When will we “fully fund” education?

Strategic investments – not just more money – are key for business growth and workforce development

Sen Brad Hawkins.

As we begin another school year, I often get asked about “fully funding” education, despite the record state funding provided over recent years. Education spending has significantly increased since the State Supreme Court’s landmark 2012 McCleary decision on school funding. Washington now invests 44 percent of its nearly $70 billion state budget into K-12 education. When the Legislature later satisfied the McCleary case, it also successfully limited school district property tax levies, but those limits were later removed.

As state funding and property taxes further increase, people continue to debate school funding. The answer to the “full funding” question actually requires a longer explanation about what constitutes “education” and an acknowledgement of expanding school district services. As state and local taxpayers continue to invest more into our schools, the business community should expect better returns on those investments and a more capable workforce.

Schools receive local, state, and federal dollars

Our state’s school funding system was already quite complicated prior to McCleary and still remains difficult to understand. Generally speaking, school districts receive state funding based on their total student enrollment. In addition to state dollars, school districts also receive funding from local and federal sources. Beyond their local, state, and federal funding, school districts can apply for various grants to supplement traditional sources of funds.

School district levies continue to increase

Local funding to school districts is provided by voter-approved property tax levies. While I am a strong supporter of education, I am concerned about the growing property tax burdens on residents and whether school districts can or should provide the expanded services many districts are now taking on. As a result of changing state policies, increased public expectations, and school board decisions, many districts are now providing a range of childcare, social services, meals, healthcare, and early learning services in addition to their K-12 academic responsibilities. There is no doubt that a variety of needs exist within communities and their schools but defining the role of schools – and determining who can provide support services most efficiently – are key questions.

Expanded services and increasing costs

With school district services greatly expanding, it is becoming increasingly difficult to differentiate where school responsibilities end and where family and community responsibilities begin. School district scope of service changes also generate philosophical debates related to education policy, funding obligations, and parental rights. If school districts continue to expand their services, it will become increasingly difficult – if not impossible – to ever “fully fund” education. It is not operationally realistic or fiscally sustainable to transition all of society’s responsibilities into our school system.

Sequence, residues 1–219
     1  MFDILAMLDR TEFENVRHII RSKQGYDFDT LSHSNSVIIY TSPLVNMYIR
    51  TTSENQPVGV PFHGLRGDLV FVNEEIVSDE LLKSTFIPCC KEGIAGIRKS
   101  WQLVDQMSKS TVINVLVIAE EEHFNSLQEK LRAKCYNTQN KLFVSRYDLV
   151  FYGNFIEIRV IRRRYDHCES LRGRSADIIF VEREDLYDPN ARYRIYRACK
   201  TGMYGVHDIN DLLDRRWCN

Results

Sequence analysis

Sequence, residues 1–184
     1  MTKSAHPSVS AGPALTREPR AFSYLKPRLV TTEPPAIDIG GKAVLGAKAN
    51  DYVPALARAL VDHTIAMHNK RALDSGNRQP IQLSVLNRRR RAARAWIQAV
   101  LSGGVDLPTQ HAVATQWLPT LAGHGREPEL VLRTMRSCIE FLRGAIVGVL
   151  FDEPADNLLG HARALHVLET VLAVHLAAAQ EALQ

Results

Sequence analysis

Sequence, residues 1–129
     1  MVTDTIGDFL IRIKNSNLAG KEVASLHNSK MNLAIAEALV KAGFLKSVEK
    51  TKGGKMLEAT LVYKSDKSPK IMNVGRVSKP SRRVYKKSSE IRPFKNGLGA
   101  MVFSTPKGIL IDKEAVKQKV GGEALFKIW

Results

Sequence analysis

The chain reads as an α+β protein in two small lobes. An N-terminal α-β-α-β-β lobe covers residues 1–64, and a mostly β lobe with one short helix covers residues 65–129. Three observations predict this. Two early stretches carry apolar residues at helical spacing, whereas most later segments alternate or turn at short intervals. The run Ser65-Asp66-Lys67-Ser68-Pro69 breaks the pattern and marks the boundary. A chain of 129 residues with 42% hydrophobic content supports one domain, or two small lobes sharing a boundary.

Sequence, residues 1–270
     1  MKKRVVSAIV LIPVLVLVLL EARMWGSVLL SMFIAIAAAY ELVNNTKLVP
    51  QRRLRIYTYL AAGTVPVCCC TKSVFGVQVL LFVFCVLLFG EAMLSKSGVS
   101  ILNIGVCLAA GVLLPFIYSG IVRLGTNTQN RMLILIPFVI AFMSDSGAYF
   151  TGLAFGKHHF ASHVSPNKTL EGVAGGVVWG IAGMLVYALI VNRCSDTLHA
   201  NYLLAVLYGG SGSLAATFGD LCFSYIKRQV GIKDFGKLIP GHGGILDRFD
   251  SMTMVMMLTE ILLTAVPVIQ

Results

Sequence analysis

Education funding in 2023-2025 budget

As with any budget or major legislation, there are always things to support and areas for improvement. With an operating budget that has now grown to nearly $70 billion with 44 percent dedicated to K-12 education, this is the case with Washington’s education spending. During the 2023 legislative session, approximately $3 billion was added to education funding beyond the baseline level. Two major bills were approved that constituted the bulk of this additional investment: House Bill 1436 (special education funding) and Senate Bill 5650 (salary inflationary increases). While these funding changes are certainly needed and appreciated, the approved state budget spends significantly more on K-12 education without making substantive improvements to address academic deficiencies.

COVID “learning loss” still an issue

Many students are struggling to return to grade level following the COVID pandemic. Junior high teachers I met with recently shared that many students are two-to-four years behind grade level in math, leaving teachers wishing they had elementary math curriculum. For me, getting students to grade level should be the state’s top priority. Students at grade level who previously exceeded their grade level should also continue to be challenged. Without making academics the top priority, the state will just continue to spend more and more money without improving the overall system.

As a former school board member and supporter of public education, I believe many challenges still exist in our education system. These challenges remain despite significant funding increases, many of which are being directed at broader student needs. To maximize learning opportunities, restore academic growth in our schools, and prepare students to succeed in a global workforce, lawmakers need to have thoughtful conversations about making improvements in education beyond just more spending. The expanding scope of services school districts are attempting to provide and increased property tax pressures must be part of that discussion.

Sen. Brad Hawkins is State Senator of the 12th Legislative District. He serves the ranking Republican member on the Senate’s Early Learning and K-12 Education Committee. Prior to his election to the Legislature, Hawkins served for a combined 10 years on the North Central Educational Service District and Eastmont School boards.

School funding has significantly increased in recent years, both from state investments and school district property tax requests. Districts received $8,742 per student for the 2012-13 school year and received approximately $15,462 for the 2022-23 school year.



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